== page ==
That way, prospective parents can be vetted. The compact has been adopted by every state and is codified in various statutes that give it the force of law. Even so, these laws are seldom enforced, in part because the compact remains largely unknown to law enforcement authorities. Some states attach criminal sanctions — generally, misdemeanors.

A child might be removed from the new home if an illegal re-homing is discovered. But seldom is either set of parents punished. No state, federal or international laws even acknowledge the existence of re-homing. At least 70 percent of the children offered on the Yahoo bulletin board, Adopting-from-Disruption, were advertised as foreign-born. Americans have adopted about , children from other countries since the late s. But unlike parents who take in American-born children through the U.

No authority tracks what happens after a child is brought to America, so no one knows how often international adoptions fail. Some experts say the percentage could be higher given the lack of support for those parents. The State Department then collects that information. In addition, adoption agencies are supposed to report to the department certain types of failed international adoptions that come to their attention.

But many states say they are unable to keep track of the cases because their computer systems are antiquated. The failure to keep track of what happens after children are brought to America troubles some foreign governments.

So do instances of neglect or abuse that become known. Often cited is the case of the Tennessee woman who returned a 7-year-old boy she adopted from a Russian orphanage. The woman had cared for him only six months when she put the boy on a flight to Moscow in April He was accompanied by a typed letter that read in part, "I no longer wish to parent this child.

Other nations, including Guatemala and China, have also made the process more difficult. As a result, the number of foreign-born children adopted into the United States has declined from a peak of almost 23, in to fewer than 10, a year today.

The recent obstacles to bringing new kids to America could make the Internet child exchange even more appealing. We have disrupted our daughter. What business of the Russian government? Parents who offer their children on the Internet say they have limited options. The problems — and the isolation parents feel — can prove overwhelming.

On the bulletin boards, parents talk of children becoming abusive and violent, terrorizing them and other kids in the household.

I also knew there were people looking to adopt kids from those situations, so I wanted to get those people together, kind of like a clearinghouse. In a nationwide alert to state child welfare authorities, an administrator for the ICPC warned that adoptive parents were sending children to live with people they met on the Internet.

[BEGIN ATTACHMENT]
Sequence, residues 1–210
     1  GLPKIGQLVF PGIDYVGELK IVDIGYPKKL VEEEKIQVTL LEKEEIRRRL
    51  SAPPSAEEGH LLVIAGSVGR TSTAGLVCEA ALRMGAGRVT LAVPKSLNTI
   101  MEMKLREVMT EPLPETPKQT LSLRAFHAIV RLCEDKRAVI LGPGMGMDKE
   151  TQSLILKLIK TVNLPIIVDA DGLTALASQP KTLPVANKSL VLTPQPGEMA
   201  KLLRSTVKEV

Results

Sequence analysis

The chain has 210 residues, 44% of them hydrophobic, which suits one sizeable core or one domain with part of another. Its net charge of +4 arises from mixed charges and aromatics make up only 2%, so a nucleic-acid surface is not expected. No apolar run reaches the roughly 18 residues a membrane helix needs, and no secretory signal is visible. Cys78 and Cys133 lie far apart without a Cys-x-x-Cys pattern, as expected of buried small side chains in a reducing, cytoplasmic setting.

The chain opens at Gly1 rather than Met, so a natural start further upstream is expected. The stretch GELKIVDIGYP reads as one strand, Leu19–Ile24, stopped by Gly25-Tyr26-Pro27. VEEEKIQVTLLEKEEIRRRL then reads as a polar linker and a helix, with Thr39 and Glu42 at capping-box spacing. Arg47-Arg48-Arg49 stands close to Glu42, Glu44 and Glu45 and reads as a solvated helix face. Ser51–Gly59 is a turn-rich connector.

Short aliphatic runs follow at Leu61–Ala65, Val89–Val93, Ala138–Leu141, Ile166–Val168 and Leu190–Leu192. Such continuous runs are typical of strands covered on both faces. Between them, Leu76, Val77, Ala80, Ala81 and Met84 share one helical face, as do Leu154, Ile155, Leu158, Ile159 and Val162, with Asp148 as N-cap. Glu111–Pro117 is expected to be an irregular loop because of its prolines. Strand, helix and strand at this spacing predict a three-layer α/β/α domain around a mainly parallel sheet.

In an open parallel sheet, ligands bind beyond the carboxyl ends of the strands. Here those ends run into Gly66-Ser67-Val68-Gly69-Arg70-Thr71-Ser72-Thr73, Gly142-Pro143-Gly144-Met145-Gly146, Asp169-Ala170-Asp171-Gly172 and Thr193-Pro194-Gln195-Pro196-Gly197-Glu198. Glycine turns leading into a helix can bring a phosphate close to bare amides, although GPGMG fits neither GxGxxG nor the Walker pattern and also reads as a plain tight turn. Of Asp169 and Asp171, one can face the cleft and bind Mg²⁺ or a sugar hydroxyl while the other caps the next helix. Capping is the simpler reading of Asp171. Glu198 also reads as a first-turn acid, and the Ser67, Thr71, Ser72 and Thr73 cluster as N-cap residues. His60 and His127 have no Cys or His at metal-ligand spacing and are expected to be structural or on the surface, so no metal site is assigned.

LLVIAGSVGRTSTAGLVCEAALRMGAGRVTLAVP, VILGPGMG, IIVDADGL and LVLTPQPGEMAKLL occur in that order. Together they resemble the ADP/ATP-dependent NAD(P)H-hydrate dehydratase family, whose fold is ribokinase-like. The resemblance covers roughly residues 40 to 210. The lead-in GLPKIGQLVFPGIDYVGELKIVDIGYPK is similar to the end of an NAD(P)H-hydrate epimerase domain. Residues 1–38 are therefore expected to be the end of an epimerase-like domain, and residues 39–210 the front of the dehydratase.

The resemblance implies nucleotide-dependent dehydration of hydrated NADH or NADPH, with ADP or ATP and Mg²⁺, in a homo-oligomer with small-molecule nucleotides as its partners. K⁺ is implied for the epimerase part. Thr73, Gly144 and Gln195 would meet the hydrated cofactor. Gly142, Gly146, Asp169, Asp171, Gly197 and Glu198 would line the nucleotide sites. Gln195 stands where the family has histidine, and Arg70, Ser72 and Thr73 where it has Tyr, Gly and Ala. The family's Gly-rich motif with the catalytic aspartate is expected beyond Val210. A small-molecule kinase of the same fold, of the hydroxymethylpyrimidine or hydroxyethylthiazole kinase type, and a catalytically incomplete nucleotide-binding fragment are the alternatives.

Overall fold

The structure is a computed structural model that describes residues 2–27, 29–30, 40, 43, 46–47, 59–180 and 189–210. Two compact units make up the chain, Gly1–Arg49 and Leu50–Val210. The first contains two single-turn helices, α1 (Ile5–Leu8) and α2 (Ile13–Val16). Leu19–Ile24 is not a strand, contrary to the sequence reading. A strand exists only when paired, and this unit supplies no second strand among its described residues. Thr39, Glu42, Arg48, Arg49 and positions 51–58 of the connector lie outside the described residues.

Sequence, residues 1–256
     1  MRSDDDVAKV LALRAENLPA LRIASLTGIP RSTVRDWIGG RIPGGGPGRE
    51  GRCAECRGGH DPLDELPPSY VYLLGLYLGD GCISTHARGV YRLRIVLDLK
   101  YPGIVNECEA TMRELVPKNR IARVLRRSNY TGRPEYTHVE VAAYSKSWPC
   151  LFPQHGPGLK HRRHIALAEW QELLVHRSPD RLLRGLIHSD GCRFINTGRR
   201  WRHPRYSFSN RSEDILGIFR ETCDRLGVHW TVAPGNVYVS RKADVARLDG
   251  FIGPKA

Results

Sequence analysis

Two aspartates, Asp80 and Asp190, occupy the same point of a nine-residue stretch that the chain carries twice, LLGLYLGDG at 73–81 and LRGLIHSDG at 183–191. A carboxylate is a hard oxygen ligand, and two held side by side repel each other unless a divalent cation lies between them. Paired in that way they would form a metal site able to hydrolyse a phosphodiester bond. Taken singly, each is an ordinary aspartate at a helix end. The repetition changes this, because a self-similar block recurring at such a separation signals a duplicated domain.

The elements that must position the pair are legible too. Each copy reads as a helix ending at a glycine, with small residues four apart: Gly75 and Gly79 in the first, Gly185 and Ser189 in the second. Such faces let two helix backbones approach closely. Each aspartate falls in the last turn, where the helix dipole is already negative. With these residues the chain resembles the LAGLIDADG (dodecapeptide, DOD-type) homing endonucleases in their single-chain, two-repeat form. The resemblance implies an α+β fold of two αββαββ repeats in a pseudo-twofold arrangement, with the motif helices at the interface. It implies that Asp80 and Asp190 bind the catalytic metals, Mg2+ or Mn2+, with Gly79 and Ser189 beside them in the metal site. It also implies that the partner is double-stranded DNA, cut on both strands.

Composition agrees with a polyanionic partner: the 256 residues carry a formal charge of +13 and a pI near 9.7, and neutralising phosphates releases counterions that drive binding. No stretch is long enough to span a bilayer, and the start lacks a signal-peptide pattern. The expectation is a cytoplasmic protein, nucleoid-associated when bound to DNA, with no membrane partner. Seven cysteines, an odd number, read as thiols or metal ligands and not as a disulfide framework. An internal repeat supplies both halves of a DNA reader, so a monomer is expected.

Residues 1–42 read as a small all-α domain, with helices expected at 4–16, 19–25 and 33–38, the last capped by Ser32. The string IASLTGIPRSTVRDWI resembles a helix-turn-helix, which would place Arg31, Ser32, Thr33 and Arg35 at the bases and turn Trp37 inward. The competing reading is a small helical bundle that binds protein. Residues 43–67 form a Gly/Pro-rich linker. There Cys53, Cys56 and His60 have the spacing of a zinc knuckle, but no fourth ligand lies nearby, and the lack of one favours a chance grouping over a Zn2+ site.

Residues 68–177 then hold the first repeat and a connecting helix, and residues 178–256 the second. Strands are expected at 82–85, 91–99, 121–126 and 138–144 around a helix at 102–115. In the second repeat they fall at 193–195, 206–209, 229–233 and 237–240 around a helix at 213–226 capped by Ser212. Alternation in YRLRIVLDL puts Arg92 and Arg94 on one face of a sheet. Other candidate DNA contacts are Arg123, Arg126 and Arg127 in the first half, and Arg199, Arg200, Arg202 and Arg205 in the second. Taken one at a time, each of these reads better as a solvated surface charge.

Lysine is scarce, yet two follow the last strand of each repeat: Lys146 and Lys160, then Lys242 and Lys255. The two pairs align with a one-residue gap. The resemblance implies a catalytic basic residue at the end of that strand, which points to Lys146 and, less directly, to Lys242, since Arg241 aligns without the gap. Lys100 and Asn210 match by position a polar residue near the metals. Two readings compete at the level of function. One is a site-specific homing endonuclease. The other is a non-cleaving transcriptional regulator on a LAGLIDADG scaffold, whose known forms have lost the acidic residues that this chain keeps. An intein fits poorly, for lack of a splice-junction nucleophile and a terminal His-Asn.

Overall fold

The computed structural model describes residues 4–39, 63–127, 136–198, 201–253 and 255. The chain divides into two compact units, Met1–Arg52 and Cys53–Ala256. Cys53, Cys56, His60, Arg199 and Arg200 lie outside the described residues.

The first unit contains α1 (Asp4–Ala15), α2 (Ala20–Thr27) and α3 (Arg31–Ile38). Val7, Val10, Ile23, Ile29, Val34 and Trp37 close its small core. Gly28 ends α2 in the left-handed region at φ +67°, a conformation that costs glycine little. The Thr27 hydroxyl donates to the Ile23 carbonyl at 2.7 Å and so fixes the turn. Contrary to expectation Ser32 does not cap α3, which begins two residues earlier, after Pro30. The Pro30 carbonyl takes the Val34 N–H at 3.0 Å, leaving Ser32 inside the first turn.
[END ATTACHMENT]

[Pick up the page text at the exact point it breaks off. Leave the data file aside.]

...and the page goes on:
The practice, the official wrote , is "placing children in grave danger. In the alert, Pennypacker asked that such cases be documented and reported to the national non-profit organization that oversees the ICPC. He says he also told child protection officials in each state to alert their attorneys general, local police and social workers "so that people could be on the lookout. As part of its investigation, Reuters reviewed thousands of pages of records — many of them confidential — from court cases, police reports and child welfare agencies.

Reporters examined ads for children and emails between parents, and also identified eight Internet groups in which members discussed, facilitated or engaged in re-homing. Reporters then analyzed thousands of posts from the group that Yahoo subsequently shut down, Adopting-from-Disruption.

Some participants in that group both offered and sought children for re-homing, sometimes simultaneously. Others looked to offload more than one child at a time. Some sought new parents for children who already had been re-homed. A year-old boy from the Philippines and a year-old boy from Brazil each were advertised three times. So was a girl from Haiti. She was offered for re-homing when she was 14, 15 and 16 years old.

In an interview earlier this year, Nicole Eason - the woman who disappeared with Quita - referred to private re-homing as "non-legalized adoption. She discussed why she was so motivated to be a mother. And she described her parenting style this way: Melissa Puchalla says she sobbed after leaving Quita with the Easons, the couple she met on the Internet.

You need a hug? You need a kiss? Somebody to tickle with you? But this world is not meant to be perfect. It shows how virtually anyone determined to get a child can do so with ease, and how children brought to America can be abruptly discarded and recycled. Like Quita, Calvin Eason is black. Nicole is white, and Puchalla thought Quita might thrive in a mixed-race household.

The Puchallas also say they were giving up the teenager to protect their other children. Quita was unpredictable and violent, Melissa says, and her siblings had grown frightened of her.

Puchalla assured her daughter that the Easons were "very good people," Quita remembers.